Planning a ‘Do It Yourself’ Visit
To see the resources on offer go to What can we do in the museum?
We DO need to know you’re coming. Make a Booking here and we will help you organise your trip.
An Information Pack is available on request.
Set a theme
The museum deals with the period from 1850 and 1950 and explores the lives of ordinary people. The exhibition themes include:
Encourage students to investigate objects from our handling collection. Contact us for help and advice.
Set a task
Develop skills by encouraging students to examine and record what they see. Clipboards, pens and paper available.
Possible tasks include:
- Ask students to think about where we find objects and why they survived.
- Encourage students to become comfortable in a Museum setting by for example, reading and understanding object labels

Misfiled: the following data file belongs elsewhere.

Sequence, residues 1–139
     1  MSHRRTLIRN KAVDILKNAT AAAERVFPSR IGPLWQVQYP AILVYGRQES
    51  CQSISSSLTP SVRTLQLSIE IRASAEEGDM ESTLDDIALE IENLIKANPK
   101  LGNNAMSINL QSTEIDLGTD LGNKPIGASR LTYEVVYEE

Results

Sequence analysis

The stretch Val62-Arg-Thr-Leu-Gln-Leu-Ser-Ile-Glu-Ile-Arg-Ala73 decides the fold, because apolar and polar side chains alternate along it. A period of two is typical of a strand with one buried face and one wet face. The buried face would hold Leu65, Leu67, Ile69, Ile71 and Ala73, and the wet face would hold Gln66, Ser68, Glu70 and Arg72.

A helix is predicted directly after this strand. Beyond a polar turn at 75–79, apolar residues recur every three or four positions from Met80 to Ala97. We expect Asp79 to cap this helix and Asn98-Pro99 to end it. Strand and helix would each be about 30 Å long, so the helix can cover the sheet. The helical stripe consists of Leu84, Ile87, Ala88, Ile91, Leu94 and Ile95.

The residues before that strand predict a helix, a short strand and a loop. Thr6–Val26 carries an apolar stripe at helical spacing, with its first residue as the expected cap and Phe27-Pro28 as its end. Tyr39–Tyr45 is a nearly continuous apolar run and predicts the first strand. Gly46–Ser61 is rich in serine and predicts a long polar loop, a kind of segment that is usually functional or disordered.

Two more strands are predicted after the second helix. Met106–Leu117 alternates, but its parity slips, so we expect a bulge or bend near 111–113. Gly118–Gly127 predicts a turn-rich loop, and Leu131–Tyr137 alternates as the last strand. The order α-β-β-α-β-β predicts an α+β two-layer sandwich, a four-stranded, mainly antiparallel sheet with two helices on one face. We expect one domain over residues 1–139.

- Ask students to look for an object from a particular area of Ireland or time period. Then ask them to write a ‘label’ for the object.
- For a local history project, ask students to find objects from their locality.
Prepare the class
Prepare the students for the visit by giving them an idea of what they can expect to see or have a discussion about the Museum in advance of the visit.
Familiarise students with some of the vocabulary that they might encounter in the Museum. Explain what is expected of them during the visit for example if they are to fill out worksheets or follow a trail.
Post visit work
Have some follow-up work planned for after the visit such as talking about a drawing they made of an object or presenting the information which they found out.
A cross curricular approach could be followed by asking the student to write a story about what it would have been like to find such an object, what living in a time period was like, or to draw an object which they sketched in the Museum. Refer to their Museum visit and what they saw when looking at course work in the classroom.
The exhibition pages contain information about the key developments and objects in a time period. There is further information in the collections pages.
Find out how the Museum conserves or looks after the objects.